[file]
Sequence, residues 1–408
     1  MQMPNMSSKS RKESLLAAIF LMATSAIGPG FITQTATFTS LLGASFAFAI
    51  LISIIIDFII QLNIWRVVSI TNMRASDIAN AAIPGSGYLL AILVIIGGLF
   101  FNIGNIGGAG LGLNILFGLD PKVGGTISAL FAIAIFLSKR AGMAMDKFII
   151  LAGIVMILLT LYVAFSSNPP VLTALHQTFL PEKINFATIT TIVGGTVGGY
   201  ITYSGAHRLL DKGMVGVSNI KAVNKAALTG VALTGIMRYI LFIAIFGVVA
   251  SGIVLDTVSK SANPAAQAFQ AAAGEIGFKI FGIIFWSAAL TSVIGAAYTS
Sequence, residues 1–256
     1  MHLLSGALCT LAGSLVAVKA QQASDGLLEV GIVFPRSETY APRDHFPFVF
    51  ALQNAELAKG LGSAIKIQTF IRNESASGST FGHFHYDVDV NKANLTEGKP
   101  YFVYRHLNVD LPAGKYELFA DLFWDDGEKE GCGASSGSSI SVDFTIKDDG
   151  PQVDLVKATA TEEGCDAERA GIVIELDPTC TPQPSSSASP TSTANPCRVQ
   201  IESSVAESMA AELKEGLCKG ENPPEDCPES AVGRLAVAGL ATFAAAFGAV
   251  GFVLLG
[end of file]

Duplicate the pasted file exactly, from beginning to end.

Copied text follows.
Sequence, residues 1–408
     1  MQMPNMSSKS RKESLLAAIF LMATSAIGPG FITQTATFTS LLGASFAFAI
    51  LISIIIDFII QLNIWRVVSI TNMRASDIAN AAIPGSGYLL AILVIIGGLF
   101  FNIGNIGGAG LGLNILFGLD PKVGGTISAL FAIAIFLSKR AGMAMDKFII
   151  LAGIVMILLT LYVAFSSNPP VLTALHQTFL PEKINFATIT TIVGGTVGGY
   201  ITYSGAHRLL DKGMVGVSNI KAVNKAALTG VALTGIMRYI LFIAIFGVVA
   251  SGIVLDTVSK SANPAAQAFQ AAAGEIGFKI FGIIFWSAAL TSVIGAAYTS
Sequence, residues 1–256
     1  MHLLSGALCT LAGSLVAVKA QQASDGLLEV GIVFPRSETY APRDHFPFVF
    51  ALQNAELAKG LGSAIKIQTF IRNESASGST FGHFHYDVDV NKANLTEGKP
   101  YFVYRHLNVD LPAGKYELFA DLFWDDGEKE GCGASSGSSI SVDFTIKDDG
   151  PQVDLVKATA TEEGCDAERA GIVIELDPTC TPQPSSSASP TSTANPCRVQ
   201  IESSVAESMA AELKEGLCKG ENPPEDCPES AVGRLAVAGL ATFAAAFGAV
   251  GFVLLG